Scopes’ ‘Superbug’ Danger Continues
With the current focus on controlling superbug escalating, it is difficult to understand the recent findings by the Senate Committee on Health, Education, Labor and Pensions. The committee determined it took the Food and Drug Administration 17 months to notify doctors of the risks associated with certain scopes used in gastrointestinal surgeries, specifically the duoendoscope manufactured by Olympus Corporation.
Outbreak at Virginia Mason
An outbreak of multidrug-resistant superbugs infected at least 32 patients at Seattle’s Virginia Mason Medical Center between 2012 and 2014. The pathogen was the deadly carbapenem-resistant Enterobacteriaceae, or CRE, which has a mortality rate of 50 percent, according to the Centers of Disease Control and Prevention.
At the time, doctors were unsure what lead to the 11 deaths, but the cause was later traced to contaminated equipment. The Seattle outbreak is worst on record in the U.S., however; similar outbreaks were reported in Chicago, Pittsburg and Los Angles. The researchers found that infection control procedures at Virginia Mason were sound; it was the equipment that was faulty.
Despite following the manufacturer’s cleaning and disinfecting instructions, the scopes remained contaminated with the deadly bacteria. The distal ends of the flexible scopes contain elevator wire channels that harbor bacteria that cannot be removed through standard cleaning processes. The complex design of these scopes makes them a danger to public health.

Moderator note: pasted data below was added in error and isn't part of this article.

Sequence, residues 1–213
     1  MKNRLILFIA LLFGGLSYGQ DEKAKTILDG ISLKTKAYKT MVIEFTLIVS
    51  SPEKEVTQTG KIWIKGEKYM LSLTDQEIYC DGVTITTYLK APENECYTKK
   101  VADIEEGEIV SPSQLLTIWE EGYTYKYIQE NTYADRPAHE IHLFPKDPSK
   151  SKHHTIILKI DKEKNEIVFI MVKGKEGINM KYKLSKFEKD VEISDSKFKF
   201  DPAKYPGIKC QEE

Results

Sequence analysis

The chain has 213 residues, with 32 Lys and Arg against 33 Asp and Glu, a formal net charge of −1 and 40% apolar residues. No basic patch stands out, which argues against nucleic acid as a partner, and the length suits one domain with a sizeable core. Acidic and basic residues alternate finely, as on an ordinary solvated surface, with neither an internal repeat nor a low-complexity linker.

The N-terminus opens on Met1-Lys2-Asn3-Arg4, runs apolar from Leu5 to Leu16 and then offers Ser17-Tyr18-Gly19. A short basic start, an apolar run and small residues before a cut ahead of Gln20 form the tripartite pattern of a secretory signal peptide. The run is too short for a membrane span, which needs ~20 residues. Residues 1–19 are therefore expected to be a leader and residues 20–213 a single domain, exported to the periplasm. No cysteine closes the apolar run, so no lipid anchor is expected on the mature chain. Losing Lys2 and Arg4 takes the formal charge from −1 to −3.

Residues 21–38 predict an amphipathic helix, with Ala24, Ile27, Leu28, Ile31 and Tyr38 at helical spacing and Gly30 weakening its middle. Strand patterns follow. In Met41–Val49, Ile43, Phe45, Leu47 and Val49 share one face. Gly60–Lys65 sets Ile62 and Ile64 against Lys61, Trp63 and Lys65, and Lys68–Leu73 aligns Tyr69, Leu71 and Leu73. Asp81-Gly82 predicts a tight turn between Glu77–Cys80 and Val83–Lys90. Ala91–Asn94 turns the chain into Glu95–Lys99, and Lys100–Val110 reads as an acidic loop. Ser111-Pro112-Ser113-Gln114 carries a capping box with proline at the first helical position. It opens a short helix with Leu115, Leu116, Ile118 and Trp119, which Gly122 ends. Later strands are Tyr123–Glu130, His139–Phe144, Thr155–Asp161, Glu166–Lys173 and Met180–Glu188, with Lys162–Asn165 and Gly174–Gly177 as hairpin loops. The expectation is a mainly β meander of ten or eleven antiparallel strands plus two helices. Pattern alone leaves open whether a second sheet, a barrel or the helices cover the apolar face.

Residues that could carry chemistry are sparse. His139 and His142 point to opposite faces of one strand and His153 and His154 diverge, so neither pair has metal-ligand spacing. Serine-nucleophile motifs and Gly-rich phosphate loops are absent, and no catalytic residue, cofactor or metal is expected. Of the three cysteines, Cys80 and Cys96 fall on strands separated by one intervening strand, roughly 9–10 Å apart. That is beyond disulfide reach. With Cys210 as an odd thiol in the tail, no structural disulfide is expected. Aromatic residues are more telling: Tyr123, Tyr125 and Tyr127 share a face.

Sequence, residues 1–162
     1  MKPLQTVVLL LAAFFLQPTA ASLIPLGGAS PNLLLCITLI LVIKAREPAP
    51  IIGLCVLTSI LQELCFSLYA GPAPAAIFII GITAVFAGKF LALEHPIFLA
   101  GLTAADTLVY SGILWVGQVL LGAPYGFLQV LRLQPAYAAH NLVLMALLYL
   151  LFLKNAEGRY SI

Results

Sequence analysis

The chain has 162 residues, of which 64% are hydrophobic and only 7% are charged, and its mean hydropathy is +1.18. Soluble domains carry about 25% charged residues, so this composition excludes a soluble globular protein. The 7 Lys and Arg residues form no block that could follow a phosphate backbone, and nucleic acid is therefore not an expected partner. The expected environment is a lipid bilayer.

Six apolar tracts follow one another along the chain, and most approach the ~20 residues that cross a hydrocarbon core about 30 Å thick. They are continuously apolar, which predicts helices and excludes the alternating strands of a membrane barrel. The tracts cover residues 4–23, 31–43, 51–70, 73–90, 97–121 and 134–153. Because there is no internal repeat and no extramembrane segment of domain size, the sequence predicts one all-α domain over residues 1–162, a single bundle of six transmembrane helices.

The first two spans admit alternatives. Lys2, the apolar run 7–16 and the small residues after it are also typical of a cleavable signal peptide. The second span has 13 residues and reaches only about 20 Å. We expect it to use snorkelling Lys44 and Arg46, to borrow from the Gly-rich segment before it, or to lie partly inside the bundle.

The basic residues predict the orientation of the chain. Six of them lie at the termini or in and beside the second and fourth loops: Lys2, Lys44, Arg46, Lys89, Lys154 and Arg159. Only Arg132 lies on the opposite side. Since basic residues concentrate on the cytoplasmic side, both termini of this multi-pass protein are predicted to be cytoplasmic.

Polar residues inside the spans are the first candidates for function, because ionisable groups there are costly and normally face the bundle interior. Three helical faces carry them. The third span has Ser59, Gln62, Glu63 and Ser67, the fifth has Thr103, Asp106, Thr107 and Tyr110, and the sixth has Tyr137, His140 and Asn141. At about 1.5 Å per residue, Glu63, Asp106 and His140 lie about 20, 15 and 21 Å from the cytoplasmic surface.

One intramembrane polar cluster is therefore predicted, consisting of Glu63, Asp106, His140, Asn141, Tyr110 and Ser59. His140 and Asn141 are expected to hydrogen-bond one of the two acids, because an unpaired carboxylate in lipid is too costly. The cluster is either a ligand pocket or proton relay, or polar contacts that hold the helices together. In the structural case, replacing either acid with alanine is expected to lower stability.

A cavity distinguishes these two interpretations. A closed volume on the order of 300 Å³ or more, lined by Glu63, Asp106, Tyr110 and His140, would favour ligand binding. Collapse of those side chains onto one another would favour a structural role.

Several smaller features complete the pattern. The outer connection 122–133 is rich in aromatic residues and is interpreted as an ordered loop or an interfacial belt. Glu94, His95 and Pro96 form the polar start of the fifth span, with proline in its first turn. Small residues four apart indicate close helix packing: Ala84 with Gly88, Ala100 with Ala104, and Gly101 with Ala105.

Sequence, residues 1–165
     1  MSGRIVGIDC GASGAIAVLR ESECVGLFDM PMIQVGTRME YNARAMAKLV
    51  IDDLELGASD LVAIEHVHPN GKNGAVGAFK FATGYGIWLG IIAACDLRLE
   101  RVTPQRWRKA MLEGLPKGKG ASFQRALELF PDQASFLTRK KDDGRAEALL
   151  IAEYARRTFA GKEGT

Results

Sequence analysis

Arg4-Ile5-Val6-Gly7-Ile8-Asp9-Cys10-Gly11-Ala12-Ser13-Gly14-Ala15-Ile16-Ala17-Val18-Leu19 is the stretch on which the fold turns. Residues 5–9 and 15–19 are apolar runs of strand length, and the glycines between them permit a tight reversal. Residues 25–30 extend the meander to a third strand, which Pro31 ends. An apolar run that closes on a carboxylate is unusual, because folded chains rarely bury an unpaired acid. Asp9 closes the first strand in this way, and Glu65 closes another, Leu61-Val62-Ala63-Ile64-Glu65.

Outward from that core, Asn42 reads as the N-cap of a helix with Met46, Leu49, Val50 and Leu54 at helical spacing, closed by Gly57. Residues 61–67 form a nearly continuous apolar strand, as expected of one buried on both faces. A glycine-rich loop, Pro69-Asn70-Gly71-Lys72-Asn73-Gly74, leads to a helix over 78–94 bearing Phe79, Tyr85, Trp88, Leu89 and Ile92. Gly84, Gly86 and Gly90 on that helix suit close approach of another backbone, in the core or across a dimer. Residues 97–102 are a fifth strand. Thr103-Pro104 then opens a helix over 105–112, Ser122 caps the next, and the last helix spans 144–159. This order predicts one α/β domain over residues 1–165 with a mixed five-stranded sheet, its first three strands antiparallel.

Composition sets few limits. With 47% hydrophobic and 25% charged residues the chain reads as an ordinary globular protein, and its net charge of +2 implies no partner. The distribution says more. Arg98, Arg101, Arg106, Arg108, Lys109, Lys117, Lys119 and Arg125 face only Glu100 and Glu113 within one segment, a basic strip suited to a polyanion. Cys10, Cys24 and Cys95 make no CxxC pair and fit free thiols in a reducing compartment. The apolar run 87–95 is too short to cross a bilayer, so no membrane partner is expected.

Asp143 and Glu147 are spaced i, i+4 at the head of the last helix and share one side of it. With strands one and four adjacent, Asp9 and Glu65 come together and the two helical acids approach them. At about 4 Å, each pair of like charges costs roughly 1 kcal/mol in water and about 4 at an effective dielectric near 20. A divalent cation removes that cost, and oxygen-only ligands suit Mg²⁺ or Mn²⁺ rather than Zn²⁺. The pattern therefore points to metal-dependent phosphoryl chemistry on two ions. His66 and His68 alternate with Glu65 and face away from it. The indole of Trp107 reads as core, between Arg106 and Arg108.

A recent report issued by the Senate committee states it took the FDA 17 months to send out notifications to doctors regarding the risk of superbug infections related to these scopes. A 2013 document states Virginia Mason officials traced the infections back to the scopes, but the FDA did not issue a public warning until 2015. With no official alert, hospitals and clinicians may not have been unaware of the problems with these scopes, putting patients at risk.
FDA officials responded to the committee’s findings by saying they consider reducing bacterial infections a top priority and that they were taking the information in the report very seriously.
The report also led the manufacturer, Olympus Corporation to recall their duoendoscopes. Olympus is responsible for producing around 85 percent of the scopes used in the U.S. The corporation is facing lawsuits from infection survivors and the families of those who died during the outbreaks. There is evidence that Olympus may have been aware of the risk of contamination with these scopes, but did nothing to prevent it or warn healthcare officials of the problem. In February, Olympus will begin collecting the scopes blamed for the outbreaks.